Brethren Archive

The Holiness of God.

by Douglas Walter Brealey

THE subject is as important as it is exalted, but who would not shrink from attempting to deal with it?  Neither the most intellectual, nor the most eloquent, nor the most spiritual could ever hope to do it justice.  The holiness of God defies definition, analysis and description, and yet it is something that is immediately discernible.  When men find themselves in the presence of God, they are immediately possessed with a sense of His holiness, and of their own sinfulness.  For example, Isaiah: "Woe is me . . . for I am a man of unclean lips."   Or Job: "Now mine eye seeth Thee, wherefore I abhor myself, and repent in dust and ashes."   Or Peter: "Depart from me, for I am a sinful man, O Lord."   When we consider the seraphim, thought to be God's highest created intelligences, we see them awe-struck, reverent, waiting before Him with faces and feet covered, crying one to another: "Holy, holy, holy, is the Lord of hosts"  John Buchan, in his book, The King's Grace, says that it is not for a subject to bandy compliments with his sovereign.   We worms of earth, yet in God's grace, citizens of a heavenly kingdom, may well be guarded in our words when we speak of the holiness of the King of kings.
God is Light.
This is really another way of saying that God is holy.  Montague Goodman once remarked that "as the whiteness of light is the combination, the perfect blending of the seven colours of the prism, so the sevenfold perfections of holiness meet in God, to shine in the effulgence of His glory.
Essential Holiness.
There are those who say that holiness is an attribute of the Godhead, but it is rather of the essence of Godhead than an attribute of it.   In fact, it is essential to God that He be holy.   God is Light, not has it.   Similarly, God is love, is holy.  This concept is quite foreign to pagan religions, whether ancient or modern.  They think of their deities as great, inscrutable or powerful, but never as holy.  The obscenities and licentiousness of their worship testify to their awful Satanic unholiness.  But our God, the one true God, is essentially holy.  "Thou art of purer eyes than to behold evil and canst not look on iniquity," said the prophet Habakkuk. Because He is holy, He is love.  Holiness expresses itself in infinite and Divine love.  The tragedy is that men won't have it; they "love darkness rather than light because their deeds are evil"   But the message of the gospel is that "the dayspring from on high hath visited  us, to give light to them that sit in darkness."
Sovereign Holiness.
Many of the ways of God are inscrutable.   Many people, because they do not know God, nor understand His ways, dare to criticize Him and judge Him by their own low standards.  But He says: "As the heavens are higher than the earth, so are my ways higher than your ways and my thoughts than your thoughts."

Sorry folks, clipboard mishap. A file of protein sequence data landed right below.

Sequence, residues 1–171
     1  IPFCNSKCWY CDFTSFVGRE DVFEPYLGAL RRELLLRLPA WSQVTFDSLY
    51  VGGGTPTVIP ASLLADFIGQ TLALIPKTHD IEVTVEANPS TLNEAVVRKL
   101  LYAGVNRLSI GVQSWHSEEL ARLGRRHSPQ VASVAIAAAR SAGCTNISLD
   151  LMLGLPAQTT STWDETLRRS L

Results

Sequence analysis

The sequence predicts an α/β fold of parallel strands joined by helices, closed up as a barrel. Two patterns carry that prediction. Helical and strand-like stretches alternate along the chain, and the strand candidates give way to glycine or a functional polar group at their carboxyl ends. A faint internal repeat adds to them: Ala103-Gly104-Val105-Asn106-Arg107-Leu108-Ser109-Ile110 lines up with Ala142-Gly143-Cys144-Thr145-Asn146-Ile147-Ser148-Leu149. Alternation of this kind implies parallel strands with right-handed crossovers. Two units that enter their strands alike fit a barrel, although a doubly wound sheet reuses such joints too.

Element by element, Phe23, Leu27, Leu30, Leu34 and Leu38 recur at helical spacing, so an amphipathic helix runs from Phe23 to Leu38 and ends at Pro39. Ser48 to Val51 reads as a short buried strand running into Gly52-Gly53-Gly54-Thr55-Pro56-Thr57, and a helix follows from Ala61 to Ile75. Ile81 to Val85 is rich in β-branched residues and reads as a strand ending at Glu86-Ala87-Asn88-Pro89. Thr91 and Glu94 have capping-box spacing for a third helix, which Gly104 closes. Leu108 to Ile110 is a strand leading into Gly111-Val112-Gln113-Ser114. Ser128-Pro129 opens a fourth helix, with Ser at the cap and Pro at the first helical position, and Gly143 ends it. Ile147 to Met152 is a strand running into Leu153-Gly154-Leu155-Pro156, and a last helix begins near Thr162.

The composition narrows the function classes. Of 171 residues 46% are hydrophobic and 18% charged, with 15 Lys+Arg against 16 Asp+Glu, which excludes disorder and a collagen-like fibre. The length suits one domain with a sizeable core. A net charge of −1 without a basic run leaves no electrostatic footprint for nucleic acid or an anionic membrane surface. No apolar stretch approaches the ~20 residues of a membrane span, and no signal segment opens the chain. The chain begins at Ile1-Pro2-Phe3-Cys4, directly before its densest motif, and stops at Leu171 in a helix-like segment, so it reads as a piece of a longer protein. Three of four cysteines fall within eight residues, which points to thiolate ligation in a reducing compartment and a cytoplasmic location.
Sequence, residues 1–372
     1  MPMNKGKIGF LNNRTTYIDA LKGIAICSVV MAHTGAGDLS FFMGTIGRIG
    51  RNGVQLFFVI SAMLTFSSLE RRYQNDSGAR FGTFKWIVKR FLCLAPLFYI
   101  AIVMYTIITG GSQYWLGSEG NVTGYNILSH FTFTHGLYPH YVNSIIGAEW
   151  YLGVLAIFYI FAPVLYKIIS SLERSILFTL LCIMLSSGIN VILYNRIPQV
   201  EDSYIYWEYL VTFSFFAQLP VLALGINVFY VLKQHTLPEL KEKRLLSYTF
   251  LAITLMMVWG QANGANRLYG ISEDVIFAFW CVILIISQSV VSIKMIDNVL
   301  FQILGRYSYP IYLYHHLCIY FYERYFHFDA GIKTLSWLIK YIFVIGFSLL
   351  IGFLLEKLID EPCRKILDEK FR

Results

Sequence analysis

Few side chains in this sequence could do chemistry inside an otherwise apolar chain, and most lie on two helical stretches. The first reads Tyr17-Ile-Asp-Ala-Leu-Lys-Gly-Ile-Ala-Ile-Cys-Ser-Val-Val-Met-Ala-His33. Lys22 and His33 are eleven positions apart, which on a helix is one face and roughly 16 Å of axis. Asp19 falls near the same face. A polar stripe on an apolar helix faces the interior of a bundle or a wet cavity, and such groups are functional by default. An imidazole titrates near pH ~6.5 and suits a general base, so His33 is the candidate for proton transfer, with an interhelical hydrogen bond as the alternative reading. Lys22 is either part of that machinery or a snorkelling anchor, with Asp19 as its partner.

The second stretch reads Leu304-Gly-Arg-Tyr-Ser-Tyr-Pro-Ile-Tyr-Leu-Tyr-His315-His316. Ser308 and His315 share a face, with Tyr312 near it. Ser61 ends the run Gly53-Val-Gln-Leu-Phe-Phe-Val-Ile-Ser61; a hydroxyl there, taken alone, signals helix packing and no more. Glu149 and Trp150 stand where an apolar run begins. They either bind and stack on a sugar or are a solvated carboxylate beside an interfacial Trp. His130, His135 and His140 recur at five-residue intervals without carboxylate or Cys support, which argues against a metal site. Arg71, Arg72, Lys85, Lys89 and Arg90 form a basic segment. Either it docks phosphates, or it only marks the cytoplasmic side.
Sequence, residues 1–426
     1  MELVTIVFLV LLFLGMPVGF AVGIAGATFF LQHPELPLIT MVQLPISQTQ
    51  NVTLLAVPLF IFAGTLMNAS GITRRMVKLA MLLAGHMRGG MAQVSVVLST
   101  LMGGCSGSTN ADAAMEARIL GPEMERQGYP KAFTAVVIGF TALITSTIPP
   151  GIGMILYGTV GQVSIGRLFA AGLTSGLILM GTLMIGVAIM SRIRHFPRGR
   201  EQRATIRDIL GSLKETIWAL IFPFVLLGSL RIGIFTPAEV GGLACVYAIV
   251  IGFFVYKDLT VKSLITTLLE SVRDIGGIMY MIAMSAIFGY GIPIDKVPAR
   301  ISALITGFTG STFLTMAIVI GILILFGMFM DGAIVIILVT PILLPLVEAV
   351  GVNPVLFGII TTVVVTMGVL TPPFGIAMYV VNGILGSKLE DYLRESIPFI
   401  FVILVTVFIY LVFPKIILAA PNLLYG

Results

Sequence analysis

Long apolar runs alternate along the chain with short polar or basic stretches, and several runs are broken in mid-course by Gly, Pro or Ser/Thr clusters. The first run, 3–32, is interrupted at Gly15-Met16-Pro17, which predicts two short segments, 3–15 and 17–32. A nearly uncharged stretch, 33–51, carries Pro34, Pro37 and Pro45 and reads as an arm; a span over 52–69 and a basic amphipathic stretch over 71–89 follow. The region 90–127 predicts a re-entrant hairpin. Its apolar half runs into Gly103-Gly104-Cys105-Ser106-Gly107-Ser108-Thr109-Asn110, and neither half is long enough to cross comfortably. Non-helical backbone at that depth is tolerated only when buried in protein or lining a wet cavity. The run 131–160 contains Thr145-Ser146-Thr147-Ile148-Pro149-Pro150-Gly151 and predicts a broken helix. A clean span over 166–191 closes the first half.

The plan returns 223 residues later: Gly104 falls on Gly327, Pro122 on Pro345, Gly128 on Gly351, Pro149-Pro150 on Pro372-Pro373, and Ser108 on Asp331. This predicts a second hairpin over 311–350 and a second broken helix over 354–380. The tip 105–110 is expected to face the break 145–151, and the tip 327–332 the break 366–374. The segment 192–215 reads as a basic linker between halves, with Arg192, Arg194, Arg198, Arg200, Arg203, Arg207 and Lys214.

For instance, unbelievers stumble at the order for the extermination of the wicked Canaanitish nations.  This was an expression of' His sovereign holiness.  Yet God has told us why the order was given.  He had waited long for them in patience and forbearance, until their iniquity was full.  Then the wrath of God fell, that wrath which is but one expression of that infinite holiness which must ever be opposed to sin.  The order was given so that Israel should not be corrupted with the same evil.   Just as the surgeon cuts deep to remove all traces of the cancer, if thereby he may save the life of the patient, so sovereign holiness cuts deep into sin to save the body of society.   Let us not forget that the wrath of a holy God will yet again fall on the nations of the earth and that when it does, sovereign holiness will be behind it.
Separating Holiness.
The first mention of the word holy (though not, of course, the first mention of the idea of holiness, which pervades the Scripture) is in Exod. 3—the story of the burning bush.   Moses decides he will turn aside to see this great sight, but ere he steps into the eternal burnings, the voice of God calls out of the bush: "Draw not nigh hither; put off thy shoes from off thy feet, for the place whereon thou standest is holy ground."  The sinner is arrested by a holy God, lest he draw nigh and be consumed.   At the time of the promulgation of the law, Moses was commanded to set bounds about the mount, lest the people break through to gaze and many perish.  Between the holy place, and the most holy place in the tabernacle, there was the veil, and none might enter where shone the Shekinah glory save the High Priest, once a year, and then not without blood.  The holiness of God is separating holiness, but it was never God's intention that His creature man should be separated from Him.  It was not so originally; man in innocence enjoyed fellowship with his Creator, but sin came in and man naturally withdrew. The brokenhearted cry of God is: "Your sins and iniquities have separated between you and your God."  But He will not be, thwarted in His purpose, and this leads us to the fourth consideration.